With little to go on for practice reports other than players’ and coaches’ thoughts to the media (and the occasional message board rumor), Dawg fans don’t have the information out there that usually becomes known over the course of one of Washington’s fall camps.
But one thing’s been brought up frequently anyway: the Huskies’ true freshman receivers are, apparently, good at football — and Rome Odunze in particular has appeared to make a splash early. Then, with Christian Caple’s piece about Odunze out in The Athletic today, it prompted some of the UWDP writers to have an impromptu discussion on stuff. Which turned into the following...
Max Vrooman: Caple’s piece on Odunze today talks to his track coach who is convinced he would’ve set the Nevada state 200 meter if they’d been allowed to compete this past spring. He was close as a junior.
His junior year times in the 100 and 200 were about 3-5% off of the Pac-12 all-time records.
Andrew Berg: In a situation like that, how do you suppose someone like Rome gets underrated coming out of high school? He was #227 nationally and the 40th WR. The second he steps on campus, he leapfrogs McMillan, who was 67/11. They both had high-level competition. They’re both big and fast. Why was the consensus that McMillan was clearly better, but when they lineup next to each other, Rome is immediately better?
Maybe this is an argument for the offer list being a better predictor than the consensus rating. Despite being outside the top 200, Rome had offers from EVERYBODY — Alabama, Oklahoma, Florida, Georgia, Ohio State...
None of this is to knock McMillan. I think he’s going to be excellent.
Max: I would say 1) The margins at that level aren’t all that big between #50 and #200. 2 ) 10 months of development can be a long time at that age (especially if Rome handled training better with the pandemic). 3) It could be Rome is a better fit for what UW needs from them right this second and in another offense McMillan would be ahead on the depth chart and 4) It could be as simple as Rome is quicker to learn a playbook.
The difference in their offer sheets. Only offered Rome: Stanford, Texas, BYU, San Diego State, Texas Tech, Michigan, Miami, Penn State, Duke, Michigan St, NC State, Minnesota, West Virginia, Northwestern, Kansas.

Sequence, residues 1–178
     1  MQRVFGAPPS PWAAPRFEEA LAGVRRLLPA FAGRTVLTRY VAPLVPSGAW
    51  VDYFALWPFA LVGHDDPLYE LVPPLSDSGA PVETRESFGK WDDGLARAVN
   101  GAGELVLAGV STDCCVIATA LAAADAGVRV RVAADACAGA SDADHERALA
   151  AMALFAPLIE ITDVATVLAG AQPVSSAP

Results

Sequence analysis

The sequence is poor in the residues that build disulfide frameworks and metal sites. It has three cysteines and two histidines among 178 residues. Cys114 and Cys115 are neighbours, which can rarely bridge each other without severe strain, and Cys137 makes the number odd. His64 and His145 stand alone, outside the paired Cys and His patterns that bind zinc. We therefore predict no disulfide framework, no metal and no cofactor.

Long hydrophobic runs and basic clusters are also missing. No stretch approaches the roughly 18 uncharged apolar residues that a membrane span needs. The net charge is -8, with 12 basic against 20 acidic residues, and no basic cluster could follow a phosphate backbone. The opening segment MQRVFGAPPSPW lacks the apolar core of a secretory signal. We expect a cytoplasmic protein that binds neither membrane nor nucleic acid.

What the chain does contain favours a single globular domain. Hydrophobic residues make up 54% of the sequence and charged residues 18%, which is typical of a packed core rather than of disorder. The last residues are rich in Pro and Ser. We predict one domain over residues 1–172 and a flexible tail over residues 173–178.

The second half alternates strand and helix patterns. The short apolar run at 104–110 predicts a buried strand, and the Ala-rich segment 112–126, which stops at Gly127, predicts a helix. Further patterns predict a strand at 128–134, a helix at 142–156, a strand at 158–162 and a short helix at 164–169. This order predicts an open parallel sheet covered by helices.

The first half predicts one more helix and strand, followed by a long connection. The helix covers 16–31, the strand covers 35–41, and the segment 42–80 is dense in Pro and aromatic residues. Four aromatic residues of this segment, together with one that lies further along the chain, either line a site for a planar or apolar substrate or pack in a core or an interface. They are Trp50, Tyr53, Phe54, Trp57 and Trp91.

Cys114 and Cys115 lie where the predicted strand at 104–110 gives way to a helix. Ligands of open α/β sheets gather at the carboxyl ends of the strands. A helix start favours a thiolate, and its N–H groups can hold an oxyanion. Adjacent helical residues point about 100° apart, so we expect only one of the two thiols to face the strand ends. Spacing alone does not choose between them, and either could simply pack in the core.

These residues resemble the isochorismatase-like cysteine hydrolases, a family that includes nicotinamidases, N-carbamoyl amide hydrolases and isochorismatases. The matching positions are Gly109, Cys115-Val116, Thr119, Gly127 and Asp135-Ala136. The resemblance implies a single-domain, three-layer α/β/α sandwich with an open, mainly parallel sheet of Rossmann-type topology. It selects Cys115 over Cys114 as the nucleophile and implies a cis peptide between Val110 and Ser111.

Offered both: Everyone else in P12, Tennessee, Oklahoma, Bama, Notre Dame.
Gabey Lucas: Also it’s worth noting — and I tried to emphasize this in my impact true frosh piece — that the methodology for ratings don’t tell you a huge piece of it. And a huge part of that is “How good will/could you be in college?” vs “How high is your NFL potential?” vs “How good are you now?”
The 247 guys like to say they’re evaluating based on NFL potential or whatever the fuck, but A) that’s not as useful for understanding, ya know, college potential (although obviously they’re related) and B) when you actually break this down on a case by case basis, you can see that’s not consistently what they’re doing.
That’s why I think a system that ranks floor vs ceiling would be much more helpful — cuz part of floor is your physical readiness to play ASAP, which was huge when looking at Rome vs Jalen.
Like, their skillsets are both super high and Jalen’s is likely higher in the long run hence his higher rating, but even just looking at them you knew Rome was closer to contributing.
Andrew: That’s interesting because so much of McMillan’s praise was for things like route running and technique, which are seen to be “ready to play” characteristics.
But those are all good points, and the part about what the ratings are actually rating is something I definitely overlooked.
But there’s all those which are big in readiness to play, and then there’s just are you physically ready? You can tell in McMillan’s case, gaining 5 to 10 pounds would be significant. But the factors that matter obviously differ by player.
Andrew: These types of case studies are fascinating to me. I love when a player who wasn’t rated as super elite immediately breaks out at a major program. Wasn’t Justin jefferson similar? Like a high 3* recruit who was awesome right away? Maybe I’m thinking of someone else.
Jeff Gorman: I think recruiting people love speed. Rome is obviously very fast but McMillan I think has that extra gear that few possess. I think at every skill position they drool over it because it’s impossible to stop a receiver like that if they do the other things right too. A la John Ross.
Max: Justin Jefferson had a 0.7982 composite rating. That’s essentially a walk-on for 90% of power programs.
Gabey: Shit dawg.
Max: Aaron Fuller is our lowest rated receiver of the Chris Petersen era at 0.8311.
Jeff: Maybe scout if you’d like a Jordan Chin.... only has speed, but would be really good if a bunch of other things fall into place. I mean maybe scouts saw JJ like Chin.
Max: Sorry, missed Nik Little who was in the 0.78 range.
Jeff: And JJ obviously panned out. But I don’t know. I just think recruiting people over-emphasize speed.